Kayseri/Gesaria – Folk Medicine
Author: Adom H. Boudjikanian , 29/11/17 (Last modified 29/11/17) - Translator: Simon Beugekian
The geographic position of Gesaria and an overview of health conditions therein
It is an accepted fact that the climate of an area can have an effect on the lifestyle, daily practices, and health conditions of that area. In consideration of that fact, I hereby present an overview of the climate and geographic position of Gesaria.
The City of Gesaria (modern-day Kayseri; historical Caesarea) is located at an altitude of 1,050 meters, in the central section of historic Cappadocia, in the northern foothills of Mount Argaeus (Erciyes Daghi), an extinct volcano. The name Kayseri was also given to the larger sanjak (province), which, until the early years of the 20th century, was home to many small cities and villages that were populated by Armenians, including Talas, Tomarza, Evereg, Chomakhlou, Germir, Fenese, and Moundjousou . At the end of the 19th century, the Armenian population of the City of Gesaria was 15,000 .
The area had a snowy, semi-arid climate, consisting of warm summer days and cool nights. Rain fell in the spring, early summer, and in the autumn . The residents of Gesaria spent their summers in tents pitched in their orchards, where they spent their nights under the night sky . This custom contributed to the reinvigoration of their organisms and the development of immunity against infectious diseases. Infections, alongside the harsh climate of the area and the lack of basic medical knowledge, posed a serious threat to the health and wellbeing of Gesaria residents. We will return to this subject later.
Henry Barkley, who visited the area in the late 19th century, remarked on the choice of the city’s location – “It seems strange that people should choose to live down on a damp flat plain, almost in a swamp, when within half a mile of them are beautiful hills” . Other travelers, namely John MacDonald Kinneir and R.A. Hammond, also commented on the insalubrious conditions of the city. The former wrote in 1918 that “Nothing could exceed the filth and stench of the streets at this place. They were literally blocked up by dunghills, and no pains seemed to be taken to remove dead horses, dogs and cats, the offal of animals butchered in the market, and stagnant pools of water, at the sight of which I was almost every instant sickened with disgust” .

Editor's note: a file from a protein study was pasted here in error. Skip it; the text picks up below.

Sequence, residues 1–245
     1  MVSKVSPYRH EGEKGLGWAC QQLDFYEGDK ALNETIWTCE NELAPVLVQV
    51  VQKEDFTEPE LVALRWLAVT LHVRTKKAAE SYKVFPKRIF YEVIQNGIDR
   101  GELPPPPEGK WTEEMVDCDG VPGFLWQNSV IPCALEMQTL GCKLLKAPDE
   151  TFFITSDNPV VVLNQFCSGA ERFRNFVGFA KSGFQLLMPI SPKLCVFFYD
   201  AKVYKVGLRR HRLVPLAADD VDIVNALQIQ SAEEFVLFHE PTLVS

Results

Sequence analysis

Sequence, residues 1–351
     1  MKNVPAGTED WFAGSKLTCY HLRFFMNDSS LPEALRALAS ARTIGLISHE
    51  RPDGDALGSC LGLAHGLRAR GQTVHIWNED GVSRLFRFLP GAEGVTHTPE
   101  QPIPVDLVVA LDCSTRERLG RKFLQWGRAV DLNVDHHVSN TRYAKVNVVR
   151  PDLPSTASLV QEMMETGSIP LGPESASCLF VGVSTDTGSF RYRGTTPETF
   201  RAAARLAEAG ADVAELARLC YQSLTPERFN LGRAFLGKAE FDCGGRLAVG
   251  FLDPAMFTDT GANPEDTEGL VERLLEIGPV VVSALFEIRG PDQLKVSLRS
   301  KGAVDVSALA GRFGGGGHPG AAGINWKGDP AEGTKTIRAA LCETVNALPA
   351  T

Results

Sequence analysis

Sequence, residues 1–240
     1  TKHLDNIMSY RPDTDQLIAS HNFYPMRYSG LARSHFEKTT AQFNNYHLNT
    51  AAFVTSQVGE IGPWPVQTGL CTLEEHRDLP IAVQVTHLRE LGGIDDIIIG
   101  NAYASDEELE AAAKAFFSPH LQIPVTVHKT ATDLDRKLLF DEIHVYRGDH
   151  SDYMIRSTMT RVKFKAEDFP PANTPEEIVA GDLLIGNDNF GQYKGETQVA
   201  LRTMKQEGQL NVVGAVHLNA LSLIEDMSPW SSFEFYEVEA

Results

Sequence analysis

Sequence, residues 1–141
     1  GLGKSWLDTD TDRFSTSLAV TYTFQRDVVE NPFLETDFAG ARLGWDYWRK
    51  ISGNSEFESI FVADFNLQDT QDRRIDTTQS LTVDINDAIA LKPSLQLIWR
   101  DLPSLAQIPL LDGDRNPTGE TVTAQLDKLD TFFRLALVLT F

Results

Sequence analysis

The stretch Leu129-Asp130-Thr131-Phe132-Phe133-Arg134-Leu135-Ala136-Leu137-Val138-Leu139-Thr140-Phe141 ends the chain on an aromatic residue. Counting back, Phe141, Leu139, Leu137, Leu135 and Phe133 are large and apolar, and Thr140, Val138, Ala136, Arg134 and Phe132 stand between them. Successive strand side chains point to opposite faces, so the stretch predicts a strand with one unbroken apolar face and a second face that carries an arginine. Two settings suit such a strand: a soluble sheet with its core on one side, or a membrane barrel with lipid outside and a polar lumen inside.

Gesaria/Kayseri, the St Garabed monastery and school (Source: Kurkjian family collection, Beirut)
And in 1878 Hammond reported that “The modern city of Kaisariyeh is walled; some of the houses are well-built, but the streets are narrow and dirty, and the place has, upon the whole, a ruinous and neglected appearance” .
Under such conditions, it is easy to understand how difficult it must have been to prevent the spread of infections and epidemics among the population.
In fact, a British source notes that in 1847, cholera claimed 600 victims in the area. Gesaria was struck by three famines, one in 1820/1821, the second in 1845, and the third in 1873/1874. These events led to an exponential rise in the number of the hungry and destitute in the city. Thanks to the recordings of Reverend M. Farnsworth , we know of efforts that were organized in the city to distribute aid to beggars and the destitute. Predictably, hunger claimed more victims among those who were weak and sickly.
Given that children are some of the most vulnerable in any human society, it is likely that the prevailing unhealthy conditions resulted in a high rate of infant mortality, especially in the smaller and more isolated villages of the district.
Kayseri: an Armenian couple (Source: Ferdinand Brockes, Quer durch Klein-Asien, Gütersloh, 1900)
What do we know of the diet of the people of Gesaria?
Science has long known that the quantity and quality of the food one consumes can greatly impact one’s general well-being. Proper, healthful nutrition can prevent or help the organism fight off many conditions, including high blood pressure, heart disease, diabetes, certain cancers, and osteoporosis. A healthy diet consists of plenty of vegetables, fruits, whole-grain cereals, and bread products. These foods are rich in vitamins, minerals, and among other essential nutrients, they contain high levels of fiber, which counteracts the effects of toxic substances within the organism. A healthy diet is one that limits the consumption of oily meats and the fat they contain, makes generous use of vegetable oils, and limits the consumption of salt and calories .
Based on this knowledge, we will now evaluate the diet of Armenians in different regions of Gesaria.
Kayseri: a street inside the castle (Source: Alfred Boissier, En Cappadoce, notes de voyage, Genève, 1897)